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Accuracy of Office-Based Ultrasonography of the Shoulder for the Diagnosis of Rotator Cuff Tears
Joseph P. Iannotti, MD, PhD1; James Ciccone, CRNA1; Daniel D. Buss, MD2; Jeffrey L. Visotsky, MD3; Edward Mascha, MS1; Kathy Cotman, BS1; Nandkumar M. Rawool, MD, RDMS4
1 Departments of Orthopaedic Surgery (J.P.I. and J.C.) and Biostatistics and Epidemiology (E.M. and K.C.), The Cleveland Clinic Foundation, 9500 Euclid Avenue, Cleveland, OH 44195. E-mail address for J.P. Iannotti: iannotj@ccf.org
2 Sports and Orthopaedic Specialists, 2800 Chicago Avenue South, Suite 402, Minneapolis, MN 55407
3 Illinois Bone and Joint Institute, 150 North River Road, Suite 100, Des Plaines, IL 60016
4 Department of Radiology, Division of Ultrasound, Thomas Jefferson University Hospital, 132 South 10th Street, Room 765 J-Main, Philadelphia, PA 19107-5244
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Investigation performed at the Department of Orthopaedic Surgery, The Cleveland Clinic Foundation, Cleveland, Ohio

The Journal of Bone and Joint Surgery, Incorporated
J Bone Joint Surg Am, 2005 Jun 01;87(6):1305-1311. doi: 10.2106/JBJS.D.02100
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Background: This prospective multi-institutional study was designed to define the accuracy of ultrasonography, when performed in an orthopaedic surgeon's office, for the diagnosis of rotator cuff tears.

Methods: An anatomic diagnosis and a treatment plan were made on the basis of office-based shoulder ultrasonography, physical examination, and radiographs for ninety-eight patients (ninety-nine shoulders) with a clinical diagnosis of a rotator-cuff-related problem. The results of the ultrasonographic studies were then compared with the results of magnetic resonance imaging and the operative findings.

Results: Office-based ultrasonography led to the correct diagnosis for thirty-seven (88%) of forty-two shoulders with a full-thickness rotator cuff tear or both full and partial-thickness tears, twenty-six (70%) of thirty-seven shoulders with a partial-thickness rotator cuff tear only, and sixteen (80%) of twenty shoulders with normal tendons. In no case was the surgical approach (open or arthroscopic) that had been planned on the basis of the ultrasonography altered by the operative findings, but the operative finding of a full-thickness tear resulted in an arthroscopic cuff repair in four shoulders. Magnetic resonance imaging led to the correct diagnosis for forty (95%) of forty-two shoulders with a full-thickness rotator cuff tear or both full and partial-thickness rotator cuff tears, twenty-seven (73%) of thirty-seven shoulders with only a partial-thickness tear, and fifteen (75%) of twenty shoulders with normal tendons. There were no significant differences between magnetic resonance imaging and ultrasonography with regard to the correct identification of a full-thickness tear or its size. The sensitivity of ultrasonography for detecting tear size in the anterior-posterior dimension was 86% (95% confidence interval, 71% to 95%), and that of magnetic resonance imaging was 93% (95% confidence interval, 81% to 99%) (p = 0.26). The sensitivity of ultrasonography for detecting tear size in the medial-lateral dimension was 83% (95% confidence interval, 69% to 93%), and that of magnetic resonance imaging was 88% (95% confidence interval, 74% to 96%) (p = 0.41).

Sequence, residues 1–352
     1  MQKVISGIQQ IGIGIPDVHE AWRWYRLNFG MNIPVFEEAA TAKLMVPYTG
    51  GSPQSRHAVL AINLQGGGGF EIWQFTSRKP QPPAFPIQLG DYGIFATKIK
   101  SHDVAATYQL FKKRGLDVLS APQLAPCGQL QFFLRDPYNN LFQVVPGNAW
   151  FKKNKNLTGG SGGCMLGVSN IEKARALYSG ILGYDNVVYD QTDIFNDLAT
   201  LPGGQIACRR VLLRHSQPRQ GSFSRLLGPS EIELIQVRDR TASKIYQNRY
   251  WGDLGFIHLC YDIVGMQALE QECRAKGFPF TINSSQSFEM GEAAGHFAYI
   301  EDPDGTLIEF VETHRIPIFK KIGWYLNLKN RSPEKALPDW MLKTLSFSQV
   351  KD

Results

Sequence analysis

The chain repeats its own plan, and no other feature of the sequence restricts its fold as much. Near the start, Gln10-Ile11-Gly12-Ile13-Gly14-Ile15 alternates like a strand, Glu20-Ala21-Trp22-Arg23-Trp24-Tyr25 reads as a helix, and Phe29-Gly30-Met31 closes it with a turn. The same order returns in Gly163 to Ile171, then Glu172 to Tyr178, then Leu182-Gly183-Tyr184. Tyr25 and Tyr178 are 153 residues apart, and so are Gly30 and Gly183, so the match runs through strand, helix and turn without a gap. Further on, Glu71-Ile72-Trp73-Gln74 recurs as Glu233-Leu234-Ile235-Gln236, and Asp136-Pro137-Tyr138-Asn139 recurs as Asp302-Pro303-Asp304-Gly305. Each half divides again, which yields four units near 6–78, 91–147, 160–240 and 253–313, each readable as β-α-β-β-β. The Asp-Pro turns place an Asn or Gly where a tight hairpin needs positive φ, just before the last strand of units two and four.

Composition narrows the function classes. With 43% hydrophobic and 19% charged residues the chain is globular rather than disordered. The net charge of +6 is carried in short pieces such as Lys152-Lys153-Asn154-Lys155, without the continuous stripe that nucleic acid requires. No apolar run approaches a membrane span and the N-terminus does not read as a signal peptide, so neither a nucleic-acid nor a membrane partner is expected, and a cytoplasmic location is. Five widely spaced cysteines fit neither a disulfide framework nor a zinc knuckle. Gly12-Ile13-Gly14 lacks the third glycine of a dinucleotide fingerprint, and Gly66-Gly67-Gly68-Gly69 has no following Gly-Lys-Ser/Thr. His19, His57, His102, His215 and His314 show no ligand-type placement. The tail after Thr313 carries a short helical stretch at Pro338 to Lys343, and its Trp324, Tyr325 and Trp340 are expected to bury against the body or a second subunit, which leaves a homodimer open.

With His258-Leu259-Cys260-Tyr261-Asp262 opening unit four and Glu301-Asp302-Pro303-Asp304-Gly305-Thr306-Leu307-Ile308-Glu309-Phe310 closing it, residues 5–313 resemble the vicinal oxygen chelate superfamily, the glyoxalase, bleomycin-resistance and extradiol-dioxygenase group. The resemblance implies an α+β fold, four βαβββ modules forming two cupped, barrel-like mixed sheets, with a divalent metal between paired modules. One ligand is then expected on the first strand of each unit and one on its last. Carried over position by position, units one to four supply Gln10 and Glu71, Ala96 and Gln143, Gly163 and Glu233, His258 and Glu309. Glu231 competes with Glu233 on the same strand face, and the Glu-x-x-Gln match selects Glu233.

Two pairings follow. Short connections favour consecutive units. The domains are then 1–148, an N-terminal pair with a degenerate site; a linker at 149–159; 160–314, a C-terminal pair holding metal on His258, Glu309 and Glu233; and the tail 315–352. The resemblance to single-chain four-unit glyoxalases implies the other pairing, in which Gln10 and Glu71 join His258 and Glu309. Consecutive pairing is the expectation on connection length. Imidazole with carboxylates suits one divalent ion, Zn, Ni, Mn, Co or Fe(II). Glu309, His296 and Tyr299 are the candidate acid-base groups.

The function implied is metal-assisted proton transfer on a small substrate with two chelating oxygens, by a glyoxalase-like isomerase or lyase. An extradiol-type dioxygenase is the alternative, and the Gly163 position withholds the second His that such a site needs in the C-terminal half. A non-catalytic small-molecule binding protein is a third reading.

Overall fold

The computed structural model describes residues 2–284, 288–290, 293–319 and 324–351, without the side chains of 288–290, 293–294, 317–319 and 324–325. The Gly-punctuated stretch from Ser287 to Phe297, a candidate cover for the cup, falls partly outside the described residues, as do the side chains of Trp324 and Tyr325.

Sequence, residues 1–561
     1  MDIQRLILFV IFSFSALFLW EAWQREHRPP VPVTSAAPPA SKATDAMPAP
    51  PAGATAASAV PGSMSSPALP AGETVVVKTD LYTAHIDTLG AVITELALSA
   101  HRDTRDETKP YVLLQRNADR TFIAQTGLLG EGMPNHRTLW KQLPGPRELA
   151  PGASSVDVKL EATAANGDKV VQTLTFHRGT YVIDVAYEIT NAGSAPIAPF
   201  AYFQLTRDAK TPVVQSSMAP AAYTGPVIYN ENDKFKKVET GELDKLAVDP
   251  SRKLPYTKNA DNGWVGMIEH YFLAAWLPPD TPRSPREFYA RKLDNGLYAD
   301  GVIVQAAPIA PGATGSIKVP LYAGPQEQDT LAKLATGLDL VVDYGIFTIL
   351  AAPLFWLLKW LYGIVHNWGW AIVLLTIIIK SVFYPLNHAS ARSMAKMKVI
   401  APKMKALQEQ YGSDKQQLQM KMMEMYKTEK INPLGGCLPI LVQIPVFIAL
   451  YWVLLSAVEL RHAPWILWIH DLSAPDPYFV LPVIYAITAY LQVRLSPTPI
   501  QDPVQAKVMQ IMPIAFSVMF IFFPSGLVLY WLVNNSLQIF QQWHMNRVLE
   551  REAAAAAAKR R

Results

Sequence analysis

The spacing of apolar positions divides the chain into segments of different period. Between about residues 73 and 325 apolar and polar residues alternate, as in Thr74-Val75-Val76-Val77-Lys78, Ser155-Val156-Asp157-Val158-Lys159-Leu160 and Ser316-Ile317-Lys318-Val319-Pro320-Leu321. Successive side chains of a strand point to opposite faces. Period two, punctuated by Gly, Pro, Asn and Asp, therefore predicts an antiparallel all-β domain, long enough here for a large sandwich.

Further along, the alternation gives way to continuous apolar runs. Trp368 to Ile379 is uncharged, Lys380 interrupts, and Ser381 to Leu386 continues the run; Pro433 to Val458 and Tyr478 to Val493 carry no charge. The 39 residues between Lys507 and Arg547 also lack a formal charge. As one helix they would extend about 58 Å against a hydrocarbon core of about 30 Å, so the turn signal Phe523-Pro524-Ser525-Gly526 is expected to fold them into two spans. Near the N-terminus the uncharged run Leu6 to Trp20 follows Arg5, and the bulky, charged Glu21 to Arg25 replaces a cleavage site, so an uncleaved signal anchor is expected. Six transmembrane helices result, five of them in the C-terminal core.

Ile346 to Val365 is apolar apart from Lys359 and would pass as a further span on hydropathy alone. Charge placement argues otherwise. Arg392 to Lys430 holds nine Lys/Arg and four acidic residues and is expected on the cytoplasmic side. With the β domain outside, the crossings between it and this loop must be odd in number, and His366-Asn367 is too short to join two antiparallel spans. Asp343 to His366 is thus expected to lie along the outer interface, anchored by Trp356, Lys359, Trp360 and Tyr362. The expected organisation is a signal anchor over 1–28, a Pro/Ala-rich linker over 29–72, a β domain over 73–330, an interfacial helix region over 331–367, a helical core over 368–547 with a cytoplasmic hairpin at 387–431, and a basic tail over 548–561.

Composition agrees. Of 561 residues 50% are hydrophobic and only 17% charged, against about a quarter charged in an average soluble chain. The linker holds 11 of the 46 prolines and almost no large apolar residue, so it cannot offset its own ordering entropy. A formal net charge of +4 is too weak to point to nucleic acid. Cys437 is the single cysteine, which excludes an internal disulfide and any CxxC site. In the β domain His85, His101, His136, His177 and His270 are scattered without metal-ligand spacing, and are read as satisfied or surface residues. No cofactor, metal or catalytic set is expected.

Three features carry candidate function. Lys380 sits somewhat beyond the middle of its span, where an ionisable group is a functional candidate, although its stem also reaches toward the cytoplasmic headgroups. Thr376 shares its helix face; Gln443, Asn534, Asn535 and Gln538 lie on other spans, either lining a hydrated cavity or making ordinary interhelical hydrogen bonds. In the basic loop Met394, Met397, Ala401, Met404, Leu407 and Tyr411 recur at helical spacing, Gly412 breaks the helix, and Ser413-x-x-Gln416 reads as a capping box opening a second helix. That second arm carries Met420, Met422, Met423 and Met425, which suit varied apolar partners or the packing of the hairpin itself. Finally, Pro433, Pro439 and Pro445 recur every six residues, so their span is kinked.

Conclusions: A well-trained office staff and an experienced orthopaedic surgeon can effectively utilize ultrasonography, in conjunction with clinical examination and a review of shoulder radiographs, to accurately diagnose the extent of rotator cuff tears in patients suspected of having such tears. Errors in diagnosis made on the basis of ultrasonography most often consist of an inability to distinguish between partial and full-thickness tears that are approximately 1 cm in size. In this study, such errors did not significantly affect the planned surgical approach.

Level of Evidence: Diagnostic Level I. See Instructions to Authors for a complete description of levels of evidence.

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    Accreditation Statement
    These activities have been planned and implemented in accordance with the Essential Areas and policies of the Accreditation Council for Continuing Medical Education (ACCME) through the joint sponsorship of the American Academy of Orthopaedic Surgeons and The Journal of Bone and Joint Surgery, Inc. The American Academy of Orthopaedic Surgeons is accredited by the ACCME to provide continuing medical education for physicians.
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